Digata Industries Inc handed over the one-million-dollar National Soil Test Center, which has been in dispute for the past four years. It also received a payment of 270,000 dollars.
The company, which conducted the feasibility study and prepared a proposal for the centre, handed over the centre three weeks ago and received all outstanding payments from UNDP two weeks ago.
UNDP made the payment after consulting with the relevant government office, according to Martha Mogus, communications director at UNDP.
“The project is now considered finalised, and payment has been made accordingly,” Martha responds to Fortunevia email.
Kicked off in 2014, the establishment of the test centre came on the scene as a response to Japan’s prohibition on importing Ethiopian coffee a decade ago, claiming the beans were contaminated with toxic chemicals. Following Japan’s action, the country invested a huge chunk of forex to test soils abroad.
Four years ago, a tripartite agreement was signed to launch the project awarding Digata a turnkey contract to handle the project with financing from UNDP under the ownership and management of the Agriculture Ministry.
Girma Silasie, founder and manager of Digata Industries, signed the agreement with Sileshi Getahun, former state minister of Agriculture & Natural Resources and Samuel Bwalya, former UNDP resident representative. The fund agreement was signed without a waiver from the Finance Ministry or following proper bidding processes.
Even though it was started four years ago, the project was stalled and remained undelivered to the Agriculture Ministry. The centre planned to perform soil analysis work and provide fertiliser advisory services to farmers. It incorporated water and plant tests, according to the initial project proposal submitted by Digata.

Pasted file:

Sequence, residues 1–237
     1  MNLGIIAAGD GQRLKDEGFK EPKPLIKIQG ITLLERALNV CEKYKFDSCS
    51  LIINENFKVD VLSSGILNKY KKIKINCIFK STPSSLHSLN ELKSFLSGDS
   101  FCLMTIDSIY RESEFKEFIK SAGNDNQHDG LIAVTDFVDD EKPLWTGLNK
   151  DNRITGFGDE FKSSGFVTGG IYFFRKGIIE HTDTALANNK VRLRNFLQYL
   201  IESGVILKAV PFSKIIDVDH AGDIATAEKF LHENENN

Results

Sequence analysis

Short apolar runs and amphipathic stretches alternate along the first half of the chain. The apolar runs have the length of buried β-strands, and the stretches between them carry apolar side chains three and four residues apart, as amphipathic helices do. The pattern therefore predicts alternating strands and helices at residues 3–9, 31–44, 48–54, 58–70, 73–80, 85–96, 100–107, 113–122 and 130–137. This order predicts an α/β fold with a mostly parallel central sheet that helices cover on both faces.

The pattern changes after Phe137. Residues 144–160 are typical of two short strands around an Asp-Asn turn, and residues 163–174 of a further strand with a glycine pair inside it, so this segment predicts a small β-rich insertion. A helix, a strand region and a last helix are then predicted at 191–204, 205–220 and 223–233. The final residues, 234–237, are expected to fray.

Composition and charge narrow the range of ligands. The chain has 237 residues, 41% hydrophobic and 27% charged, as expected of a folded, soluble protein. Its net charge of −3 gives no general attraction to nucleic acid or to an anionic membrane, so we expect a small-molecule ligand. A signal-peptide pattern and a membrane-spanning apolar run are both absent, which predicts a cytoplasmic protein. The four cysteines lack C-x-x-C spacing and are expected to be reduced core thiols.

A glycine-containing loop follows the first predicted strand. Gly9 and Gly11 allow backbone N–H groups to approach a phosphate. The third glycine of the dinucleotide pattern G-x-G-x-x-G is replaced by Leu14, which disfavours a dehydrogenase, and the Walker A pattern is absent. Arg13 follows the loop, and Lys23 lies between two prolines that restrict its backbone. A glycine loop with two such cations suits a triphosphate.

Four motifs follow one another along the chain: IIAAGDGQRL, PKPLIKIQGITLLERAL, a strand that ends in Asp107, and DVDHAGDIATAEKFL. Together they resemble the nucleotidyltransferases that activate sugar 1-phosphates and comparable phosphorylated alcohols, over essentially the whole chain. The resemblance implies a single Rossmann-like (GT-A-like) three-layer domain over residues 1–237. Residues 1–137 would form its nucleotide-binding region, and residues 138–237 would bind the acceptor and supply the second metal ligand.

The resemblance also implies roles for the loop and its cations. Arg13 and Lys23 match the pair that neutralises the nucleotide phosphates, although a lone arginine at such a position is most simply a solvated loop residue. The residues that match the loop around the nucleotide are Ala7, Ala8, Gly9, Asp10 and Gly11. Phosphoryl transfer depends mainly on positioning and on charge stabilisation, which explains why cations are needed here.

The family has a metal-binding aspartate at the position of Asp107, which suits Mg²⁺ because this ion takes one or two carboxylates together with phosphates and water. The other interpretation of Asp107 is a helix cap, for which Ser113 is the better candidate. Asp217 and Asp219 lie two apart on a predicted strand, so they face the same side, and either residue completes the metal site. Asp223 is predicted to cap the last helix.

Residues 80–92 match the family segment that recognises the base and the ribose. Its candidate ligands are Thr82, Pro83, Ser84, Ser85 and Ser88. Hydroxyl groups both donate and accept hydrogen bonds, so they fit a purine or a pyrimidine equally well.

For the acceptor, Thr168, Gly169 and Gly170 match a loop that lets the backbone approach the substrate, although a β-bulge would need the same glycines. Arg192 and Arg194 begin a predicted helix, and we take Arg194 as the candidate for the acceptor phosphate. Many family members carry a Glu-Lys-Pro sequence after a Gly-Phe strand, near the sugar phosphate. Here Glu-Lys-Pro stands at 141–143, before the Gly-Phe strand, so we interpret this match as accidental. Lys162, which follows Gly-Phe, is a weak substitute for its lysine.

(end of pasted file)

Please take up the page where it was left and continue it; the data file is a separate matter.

The delay was blamed on plan modifications, late settlements of payments and cost overruns that exceeded the original budget. Some imported laboratory equipment was also stuck at the port due to delayed payments of demurrage fees that were finally settled by Digata.
The periodic internal audits on UNDP’s operations and programmes at the country level was another cause for the delays. The UNDP also conducted a technical assessment of the project to validate the status and the cause of the cost overruns. The assessment acknowledged Digata had delivered relevant equipment and made good progress on the construction, according to UNDP.
Four months ago the Ministry of Agriculture & Livestock Resources formed a committee to take over the project from Digata Industries. The firm had previously worked on establishing a coffee laboratory, renovated a laboratory in Holeta and built a medical laboratory for the Food, Medicine, Health Care Administration & Control Authority.
Digata constructed two warehouses at the centre, located behind the Oromia Regional State Administration Offices off African Avenue. It also imported equipment costing nearly half a million dollars.
Digata recently turned over the facilities to the Ministry of Agriculture & Livestock Resources, which was also confirmed by State Minister Kaaba Urgessa (PhD).
However, Digata claims that the full payment was not settled by UNDP and asserts that phase-one of the project is not yet closed.
“We have 2,304 dollars of unsettled payment,” Girma told Fortune. “We wrote a latter requesting settlement of the value.”
The funder and the project owner are now about to proceed with phase-two of the project that includes renovating the main laboratory.
UNDP, which has pledged to finance the second phase, has hired a consultant to proceed with phase-two of the project and is working on the preparation of bidding documents to hire a contractor, according to Martha.
“Once a bid document is ready, it will be floated through a competitive process to secure the services of a contractor,” said Martha. “We expect the second phase to start in early 2019.”
Girma argues that the next phase should not only be just renovating the main laboratory but rather making the centre as efficient and profitable as stated in the initial project proposal.
“And we don’t have the intention of securing the project as a business,” Girma said. “I have all the intention of getting it done right.”
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